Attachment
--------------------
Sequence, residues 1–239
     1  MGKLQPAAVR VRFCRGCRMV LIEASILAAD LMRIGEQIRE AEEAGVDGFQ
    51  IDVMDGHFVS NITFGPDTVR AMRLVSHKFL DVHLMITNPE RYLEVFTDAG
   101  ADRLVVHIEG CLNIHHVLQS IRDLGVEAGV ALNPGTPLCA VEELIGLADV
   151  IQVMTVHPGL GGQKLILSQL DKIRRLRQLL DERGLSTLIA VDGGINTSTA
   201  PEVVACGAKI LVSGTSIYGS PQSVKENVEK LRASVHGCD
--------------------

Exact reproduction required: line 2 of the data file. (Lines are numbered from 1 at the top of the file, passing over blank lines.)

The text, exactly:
     1  MGKLQPAAVR VRFCRGCRMV LIEASILAAD LMRIGEQIRE AEEAGVDGFQ